Now most writers use music, so this is nothing new. Everyone has there favorite type for writing. For me, it was mainly soundtracks. Anything by John Williams, Hans Zimmer’s Batman and True Romance music, James Horner’s Star Trek 2 (and Krull) soundtracks, and even some Danny Elfman. Music with lyrics often proved as distracting as TV, with a few exceptions. Old standards, done by Count Basie, Sinatra, Martin, Durante, and Sam Cooke kept me going often. Also, for whatever reasons, any song by U2 and any cover by Scala and Kolacny Brothers (you probably heard their Creep cover in the Social Network Trailer) seemed to serve the same function as soundtrack music for me. 

Thank God for Itunes. 

Character Mini-Bio

Zahir Bard never wanted the spotlight. As the son of a well-known politician, and the husband of an ambassador’s daughter, he found the spotlight constantly followed him anyway.   

When the largest national governments joined in a loose alliance––the United Earth Administration––Zahir’s level-headedness was key in stewarding its success. For four decades, he never made a grab for power in the UEA, often lobbying to get friends and allies into ever higher positions instead. 

His reward: a quiet retirement, far from Earth, with his wife and children. So he thought.

A new space station, political pressure, and rumors of secession, pull Zahir back into service and out to the frontier. In his new role, he hopes to calm the conspirators, control Simi Duan, and groom his son to be the next successful Bard politician.

A few of my favorite things…

So as I prepare for the release of the first part of Mesh, I thought some people might be interested in my influences/process (and I have no real ideas what else to put on this blog that wouldn’t be too spammy or self-absorbed).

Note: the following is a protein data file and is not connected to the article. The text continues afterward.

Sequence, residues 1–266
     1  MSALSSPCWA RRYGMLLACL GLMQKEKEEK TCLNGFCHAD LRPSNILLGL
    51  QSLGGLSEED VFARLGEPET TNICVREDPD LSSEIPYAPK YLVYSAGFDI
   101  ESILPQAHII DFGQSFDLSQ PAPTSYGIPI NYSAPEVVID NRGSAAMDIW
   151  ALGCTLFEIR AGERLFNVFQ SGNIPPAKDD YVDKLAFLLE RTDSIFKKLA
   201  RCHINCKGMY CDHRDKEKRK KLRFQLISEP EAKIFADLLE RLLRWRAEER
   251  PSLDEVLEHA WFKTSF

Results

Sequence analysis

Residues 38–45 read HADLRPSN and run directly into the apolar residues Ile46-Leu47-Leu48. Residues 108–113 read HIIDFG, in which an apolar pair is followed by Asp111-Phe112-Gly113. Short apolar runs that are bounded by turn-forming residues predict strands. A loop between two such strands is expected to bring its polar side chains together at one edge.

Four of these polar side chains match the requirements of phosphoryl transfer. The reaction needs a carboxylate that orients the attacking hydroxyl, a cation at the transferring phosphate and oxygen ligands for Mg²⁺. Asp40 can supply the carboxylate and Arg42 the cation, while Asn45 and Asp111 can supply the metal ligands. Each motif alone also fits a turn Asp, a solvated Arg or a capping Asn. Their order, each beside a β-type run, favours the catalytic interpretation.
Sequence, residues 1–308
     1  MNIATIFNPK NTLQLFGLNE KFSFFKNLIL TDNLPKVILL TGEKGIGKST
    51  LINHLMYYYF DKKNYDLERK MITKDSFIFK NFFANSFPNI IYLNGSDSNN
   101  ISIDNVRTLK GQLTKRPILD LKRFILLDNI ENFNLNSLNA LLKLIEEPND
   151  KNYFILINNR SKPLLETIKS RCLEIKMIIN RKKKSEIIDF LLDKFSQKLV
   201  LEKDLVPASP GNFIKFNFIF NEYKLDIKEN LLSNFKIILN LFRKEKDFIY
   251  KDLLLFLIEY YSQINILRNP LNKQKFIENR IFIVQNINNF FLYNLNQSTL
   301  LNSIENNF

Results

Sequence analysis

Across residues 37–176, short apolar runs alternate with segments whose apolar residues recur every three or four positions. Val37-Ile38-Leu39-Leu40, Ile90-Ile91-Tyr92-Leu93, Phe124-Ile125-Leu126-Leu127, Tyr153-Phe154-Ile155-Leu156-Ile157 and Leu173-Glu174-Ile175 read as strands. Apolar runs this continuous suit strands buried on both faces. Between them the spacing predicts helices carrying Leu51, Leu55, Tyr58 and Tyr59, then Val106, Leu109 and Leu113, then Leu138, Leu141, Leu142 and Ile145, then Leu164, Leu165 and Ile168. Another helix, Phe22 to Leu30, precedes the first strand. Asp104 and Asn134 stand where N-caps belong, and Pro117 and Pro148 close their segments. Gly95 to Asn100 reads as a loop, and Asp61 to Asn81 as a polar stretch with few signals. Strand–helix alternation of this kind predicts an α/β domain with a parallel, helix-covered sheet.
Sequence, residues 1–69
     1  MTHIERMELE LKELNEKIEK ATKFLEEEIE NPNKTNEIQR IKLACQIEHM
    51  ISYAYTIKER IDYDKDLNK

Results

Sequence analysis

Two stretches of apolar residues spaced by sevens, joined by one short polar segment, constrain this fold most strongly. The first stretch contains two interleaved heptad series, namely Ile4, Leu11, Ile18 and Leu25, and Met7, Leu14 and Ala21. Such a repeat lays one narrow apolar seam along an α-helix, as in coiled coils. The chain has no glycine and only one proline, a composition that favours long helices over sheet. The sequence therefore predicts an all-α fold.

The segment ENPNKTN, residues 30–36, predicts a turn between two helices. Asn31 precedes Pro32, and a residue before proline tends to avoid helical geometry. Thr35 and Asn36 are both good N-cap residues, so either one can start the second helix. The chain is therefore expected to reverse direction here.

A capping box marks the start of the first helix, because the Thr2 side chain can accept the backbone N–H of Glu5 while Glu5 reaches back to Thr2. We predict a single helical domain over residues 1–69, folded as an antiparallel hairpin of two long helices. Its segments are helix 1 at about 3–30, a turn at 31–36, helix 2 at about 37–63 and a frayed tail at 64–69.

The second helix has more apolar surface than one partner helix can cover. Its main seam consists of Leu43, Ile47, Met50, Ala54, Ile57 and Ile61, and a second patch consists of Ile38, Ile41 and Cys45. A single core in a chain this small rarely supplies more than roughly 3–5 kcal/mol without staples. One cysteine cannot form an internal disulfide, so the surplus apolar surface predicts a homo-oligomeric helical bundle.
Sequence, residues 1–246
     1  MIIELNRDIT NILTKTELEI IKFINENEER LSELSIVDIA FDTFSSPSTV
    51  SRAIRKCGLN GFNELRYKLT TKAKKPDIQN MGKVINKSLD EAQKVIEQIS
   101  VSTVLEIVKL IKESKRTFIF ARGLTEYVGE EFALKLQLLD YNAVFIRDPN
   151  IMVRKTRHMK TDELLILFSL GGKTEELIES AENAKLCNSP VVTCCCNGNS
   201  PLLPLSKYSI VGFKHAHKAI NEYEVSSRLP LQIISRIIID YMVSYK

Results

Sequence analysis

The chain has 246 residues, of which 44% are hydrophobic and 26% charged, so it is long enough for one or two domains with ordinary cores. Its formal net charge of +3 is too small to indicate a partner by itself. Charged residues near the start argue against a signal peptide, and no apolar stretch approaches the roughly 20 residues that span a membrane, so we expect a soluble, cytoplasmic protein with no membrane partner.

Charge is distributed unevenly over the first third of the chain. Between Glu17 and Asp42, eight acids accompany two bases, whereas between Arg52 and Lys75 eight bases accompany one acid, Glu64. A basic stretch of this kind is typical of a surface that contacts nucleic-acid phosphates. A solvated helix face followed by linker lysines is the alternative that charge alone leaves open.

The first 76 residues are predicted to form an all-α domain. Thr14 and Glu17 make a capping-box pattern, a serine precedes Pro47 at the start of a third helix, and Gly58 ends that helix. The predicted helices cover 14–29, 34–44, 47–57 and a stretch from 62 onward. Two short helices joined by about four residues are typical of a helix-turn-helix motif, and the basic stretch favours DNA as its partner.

I’ve always wanted to write a space opera and tried writing two different ones as a screenwriter. One was pretty well received and was briefly ranked first on a screenwriting forum site. But neither took off and they were really very adolescent now that I re-read them. 

With Mesh, I wanted to be a little more disciplined in writing this one. So to guide me through my many sticking points, I went down to my basement library and re-read sections of relevant books to help me through.

For structure and multiple perspectives, I re-read all of Mario Puzo’s Godfather. He breaks the novel into “Books” that all fit into a larger story. And he artfully balances the views of different characters. I hope I can be even a tenth as successful at it.

For balancing science with plot, I re-read the first third of Jurassic Park and Greg Bear’s Eon. 

For pacing, I re-read a few parts of DaVinci Code. My plot has no connection to his, and I like to think I do more with the character development, but who can deny the addictive pace of that book.

For tone, I re-read all of Rendezvous with Rama, the first half of 2001: A Space Odyssey and all of Ringworld. I also looked at parts of Kevin J. Anderson’s Saga of the Seven Suns.